“I’m going to walk you down to the operating room,” the nurse said.
I grabbed the side of the robe that was draped over my open back gown and prayed the grippy socks on my feet would keep me from slipping and falling as I made my way down the hallway.
So, I got out of a perfectly good bed to walk myself to my surgery, I thought. How does that make sense?
I considered asking the nurse walking beside me but the fact that she didn’t utter a word as we continued down a long corridor didn’t make me optimistic that I’d get an answer. Finally, we came to a dead end across from two giant metal doors.
The sunlight steams through the window on my right illuminated the newly built building on the other side of the East River in Brooklyn, almost making it appear to be a place I might want to live.
“Take a seat on the window sill while I run into the room and get the anesthesiologist.
How is this sanitary? I wondered as I sat on the metal frame erected decades before I was born and appeared not to have been cleaned since.
I didn’t get the chance to even ponder the answer to my question by the time the anesthesiologist I’d met an hour earlier emerged and invited me into the operating room.
As I entered, a resident stood on the left typing a message on his smartphone, failing to make eye contact with me. Next to him was another surgical intern, who flashes an awkward smile, before glancing over the resident’s shoulder to try to see what he was typing.
“Can you sit on the table for me?” the anesthesiologist asked as she removed my robe. “You’re going to place your head on the pillow and each arm on the boards on either side of you.
I followed her instructions until I was outstretched in the position often used to depict Jesus on the cross during the crucifixion.
Moments later, two nurses strapped my arms and legs down as if I was a mental patient trying to escape from the hospital. Unable to move at all, I laid there and watched several more people buzz around the table without introducing themselves. In my line of sight was a giant television monitor that had my name, date of birth and lines for all of my vitals: heart rate, pulse oxygen, and blood pressure.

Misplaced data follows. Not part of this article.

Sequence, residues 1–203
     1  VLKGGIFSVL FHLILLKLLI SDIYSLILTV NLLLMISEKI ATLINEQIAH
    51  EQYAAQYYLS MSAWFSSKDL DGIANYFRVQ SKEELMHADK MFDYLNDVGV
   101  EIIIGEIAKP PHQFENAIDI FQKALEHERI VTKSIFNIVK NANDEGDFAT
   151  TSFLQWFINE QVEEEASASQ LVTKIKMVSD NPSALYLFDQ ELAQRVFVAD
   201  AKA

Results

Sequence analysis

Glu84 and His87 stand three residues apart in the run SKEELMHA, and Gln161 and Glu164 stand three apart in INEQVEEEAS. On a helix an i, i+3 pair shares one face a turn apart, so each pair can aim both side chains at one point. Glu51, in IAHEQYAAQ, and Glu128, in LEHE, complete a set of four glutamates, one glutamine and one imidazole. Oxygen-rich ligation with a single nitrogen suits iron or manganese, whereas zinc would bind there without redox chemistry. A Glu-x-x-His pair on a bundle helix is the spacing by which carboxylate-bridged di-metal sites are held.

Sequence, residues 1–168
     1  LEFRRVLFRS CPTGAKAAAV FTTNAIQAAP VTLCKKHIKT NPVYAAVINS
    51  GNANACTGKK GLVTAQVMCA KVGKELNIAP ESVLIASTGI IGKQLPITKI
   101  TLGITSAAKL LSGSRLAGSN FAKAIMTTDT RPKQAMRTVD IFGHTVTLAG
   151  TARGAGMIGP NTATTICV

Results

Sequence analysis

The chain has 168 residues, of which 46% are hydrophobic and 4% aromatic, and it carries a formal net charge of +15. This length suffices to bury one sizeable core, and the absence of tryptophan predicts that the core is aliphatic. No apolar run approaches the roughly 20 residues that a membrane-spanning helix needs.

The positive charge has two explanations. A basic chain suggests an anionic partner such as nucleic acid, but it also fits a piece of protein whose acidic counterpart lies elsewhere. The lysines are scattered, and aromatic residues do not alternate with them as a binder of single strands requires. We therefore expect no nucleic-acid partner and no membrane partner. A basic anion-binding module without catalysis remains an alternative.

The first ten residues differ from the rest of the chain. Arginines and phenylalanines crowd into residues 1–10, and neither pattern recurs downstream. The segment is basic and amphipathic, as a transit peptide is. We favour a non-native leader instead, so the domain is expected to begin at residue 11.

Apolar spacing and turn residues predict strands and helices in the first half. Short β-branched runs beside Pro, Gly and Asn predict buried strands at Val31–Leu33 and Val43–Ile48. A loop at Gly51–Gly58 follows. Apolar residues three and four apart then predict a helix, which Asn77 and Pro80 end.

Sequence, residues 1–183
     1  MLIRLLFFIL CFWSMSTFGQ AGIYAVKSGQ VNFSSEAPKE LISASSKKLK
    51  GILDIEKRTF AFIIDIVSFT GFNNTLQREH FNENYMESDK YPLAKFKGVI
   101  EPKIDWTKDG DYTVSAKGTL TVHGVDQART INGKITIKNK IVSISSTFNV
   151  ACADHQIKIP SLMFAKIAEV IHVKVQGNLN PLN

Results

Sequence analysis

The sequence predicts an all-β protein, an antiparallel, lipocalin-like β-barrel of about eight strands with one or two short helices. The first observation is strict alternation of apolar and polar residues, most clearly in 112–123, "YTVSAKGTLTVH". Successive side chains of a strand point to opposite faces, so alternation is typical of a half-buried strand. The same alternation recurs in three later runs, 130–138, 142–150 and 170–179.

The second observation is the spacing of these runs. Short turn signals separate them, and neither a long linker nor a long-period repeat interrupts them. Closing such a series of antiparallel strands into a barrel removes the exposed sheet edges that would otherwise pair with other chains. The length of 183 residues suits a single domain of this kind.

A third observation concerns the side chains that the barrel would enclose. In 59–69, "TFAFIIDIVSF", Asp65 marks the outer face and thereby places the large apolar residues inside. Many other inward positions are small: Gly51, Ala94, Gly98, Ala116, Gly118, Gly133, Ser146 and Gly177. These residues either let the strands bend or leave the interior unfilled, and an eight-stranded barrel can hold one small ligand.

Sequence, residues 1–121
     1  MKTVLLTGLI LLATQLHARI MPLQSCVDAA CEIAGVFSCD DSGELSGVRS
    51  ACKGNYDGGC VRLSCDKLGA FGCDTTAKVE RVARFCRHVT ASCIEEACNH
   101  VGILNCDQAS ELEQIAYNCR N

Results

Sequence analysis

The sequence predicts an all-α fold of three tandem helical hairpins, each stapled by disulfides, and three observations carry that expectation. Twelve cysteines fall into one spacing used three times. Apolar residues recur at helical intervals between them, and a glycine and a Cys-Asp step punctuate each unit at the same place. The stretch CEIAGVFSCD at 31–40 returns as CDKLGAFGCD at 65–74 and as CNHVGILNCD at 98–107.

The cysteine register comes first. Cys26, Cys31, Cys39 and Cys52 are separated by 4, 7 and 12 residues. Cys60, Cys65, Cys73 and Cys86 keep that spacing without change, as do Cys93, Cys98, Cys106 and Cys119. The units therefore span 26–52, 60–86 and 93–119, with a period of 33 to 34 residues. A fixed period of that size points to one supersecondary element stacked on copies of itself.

“Ms. Beamon, I’m going to put in another IV line. The one on the left arm that you got in the prep area will be used for anesthesia. The one I will place in your right arm will be used for other medication. We might add a third line in your neck to monitor you so don’t be shocked if you wake up and see all of them,” the anesthesiologist said showing no emotion at all. “Do you have any questions?”
I had a plethora of them but I found it hard to gather my thoughts as I felt the pick of the needle into my flesh.
“Before I inject you with the medicine that will put you to sleep, I’m going to give you a drug to make sure you don’t move while the doctor is using the robot to perform your surgery,” she continued. “It’s called succinylcholine.”
What can I possibly say now? I thought. I can’t look this up or figure out if this is the best drug for me now that I am strapped to the table. I hope and pray it’s safe.
The anesthesiologist didn’t give me time to raise an object. She picked up the syringe and pushed the drug into the tubing that was inserted into my vein. Seconds later, an oxygen mask appeared over my head. It was in the hands of one of the half dozen people who said nothing to me.
“Ms. Beamon, can you take some slow, deep breaths for me,” the man asked.
I watched my breath fog the mask as I calmly took several long, slow breaths. My eyes drifted over to a black nurse covering the components of the robot that would be used to piece me back together again with plastic bags. She was nearly done when I felt a burning underneath the skin on my left arm. I knew that meant the Propofol was being administered and it was just a matter of moments until I wasn’t conscience anymore. I mumbled a quick prayer, the same one I often say before procedures, then it was lights out.
Five and a half hours later I awoke in a bed in recovery with a throat that felt like a Brillo pad had been used to scrub it clean. Tubing hung all around me, circulation cuffs were on my legs, and a catheter was hanging between my legs.
My heart began to race as pain shot through my body. It only calmed when I saw my parents appear from behind the curtain. My mother stroked my hair, soothing me, as my father demanded the nurse bring the morphine to ease my suffering. Both of them stayed with me until I drifted off again, peaceful, grateful to be their child and glad knowing when the lights faded out this time, I would be waking up again.